Mail and its hidden headers

Like many people, reader S. B. is concerned about spam. He writes:

Mail’s junk mail filters work pretty well for my use, but sometimes I need to open a message in the junk mail folder to determine if it is really spam or if it is coming from a new contact. I always keep the preview pane closed. In older programs I could view long headers or the raw source without opening the actual message. But in Mail, that is not an option, as these menu items are grayed out until you open the message. Is there a way around this? I realize that the junk mail filter does not initially load images, but I don’t know if it still pings the spammer’s server.

As you’ve observed, Mail doesn’t offer that option. Microsoft Entourage lets you view both long headers as well as the message’s raw source in a separate window. And Mozilla Thunderbird, while it won’t show headers with the preview closed, it will display the message’s raw source.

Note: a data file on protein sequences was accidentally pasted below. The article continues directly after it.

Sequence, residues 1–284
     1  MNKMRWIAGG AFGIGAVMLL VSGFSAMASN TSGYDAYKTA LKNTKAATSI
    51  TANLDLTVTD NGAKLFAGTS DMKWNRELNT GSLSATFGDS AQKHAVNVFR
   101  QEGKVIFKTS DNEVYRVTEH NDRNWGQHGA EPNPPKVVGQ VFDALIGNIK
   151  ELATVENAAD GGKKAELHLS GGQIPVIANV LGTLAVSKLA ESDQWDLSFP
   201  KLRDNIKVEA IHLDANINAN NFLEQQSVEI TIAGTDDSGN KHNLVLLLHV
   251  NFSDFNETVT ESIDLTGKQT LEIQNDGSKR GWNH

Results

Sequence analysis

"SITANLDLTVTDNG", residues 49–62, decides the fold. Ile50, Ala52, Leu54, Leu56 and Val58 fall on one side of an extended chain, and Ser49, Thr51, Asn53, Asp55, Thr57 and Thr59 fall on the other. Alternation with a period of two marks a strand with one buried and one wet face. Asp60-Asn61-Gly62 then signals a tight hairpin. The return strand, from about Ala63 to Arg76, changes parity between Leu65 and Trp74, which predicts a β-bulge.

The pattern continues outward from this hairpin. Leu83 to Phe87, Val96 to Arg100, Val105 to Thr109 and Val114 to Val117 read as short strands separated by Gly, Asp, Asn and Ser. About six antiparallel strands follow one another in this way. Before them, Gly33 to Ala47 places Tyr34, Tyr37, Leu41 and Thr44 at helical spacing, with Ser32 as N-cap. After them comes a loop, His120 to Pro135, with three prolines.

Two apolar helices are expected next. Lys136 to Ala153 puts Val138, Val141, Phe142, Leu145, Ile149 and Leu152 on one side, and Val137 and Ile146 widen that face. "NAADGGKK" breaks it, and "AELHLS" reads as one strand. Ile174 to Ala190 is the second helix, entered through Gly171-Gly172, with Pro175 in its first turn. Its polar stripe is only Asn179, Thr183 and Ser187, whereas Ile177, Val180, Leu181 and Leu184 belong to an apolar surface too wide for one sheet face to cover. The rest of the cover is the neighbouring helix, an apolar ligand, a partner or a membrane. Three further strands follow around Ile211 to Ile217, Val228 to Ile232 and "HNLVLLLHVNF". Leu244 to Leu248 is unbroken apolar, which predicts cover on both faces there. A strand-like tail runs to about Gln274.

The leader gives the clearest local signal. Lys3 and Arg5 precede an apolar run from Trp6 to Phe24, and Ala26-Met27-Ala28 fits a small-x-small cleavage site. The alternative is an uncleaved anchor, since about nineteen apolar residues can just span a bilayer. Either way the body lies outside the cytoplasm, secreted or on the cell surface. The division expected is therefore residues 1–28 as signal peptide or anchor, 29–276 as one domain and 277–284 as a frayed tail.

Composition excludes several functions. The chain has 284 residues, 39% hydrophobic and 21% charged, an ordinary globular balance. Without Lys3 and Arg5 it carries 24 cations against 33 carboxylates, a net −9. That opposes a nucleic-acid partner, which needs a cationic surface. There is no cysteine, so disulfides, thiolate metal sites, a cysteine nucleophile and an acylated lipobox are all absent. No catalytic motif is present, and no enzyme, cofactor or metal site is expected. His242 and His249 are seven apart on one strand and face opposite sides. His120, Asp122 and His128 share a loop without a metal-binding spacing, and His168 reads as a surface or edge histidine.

But before you dash off to install a different email application, let’s examine the real threat here. And that threat is HTML links—particularly links to graphics that, when loaded, send a little “yoo hoo!” message to the spammer, letting them know that they’ve found a live one. To keep these images at bay in Mail, choose Mail -> Preferences, click the Viewing tab, and make sure that the Display Remote Images in HTML Messages option is unchecked. This should keep you safe.

All you have to do from this point on is to be careful about loading images or clicking links in your messages. If you don’t trust or don’t know the source, take what you can from the text and leave the links and potential graphics alone.

If you’re still spooked by the idea of viewing headers along with a preview of a message—even without HTML turned on—you can follow this little tip from Macworld’s Gemmeister, Dan Frakes: Give Limit Point Software’s MailCM a try. This is a contextual menu plugin/pref pane that, among other things, lets you copy a message’s headers without opening or previewing the message. Of course you’ll have to then paste that header into a text document or empty email message in order to examine its contents, which seems like an incredible pain in the neck to me. But then, I’m not easily spooked.

  
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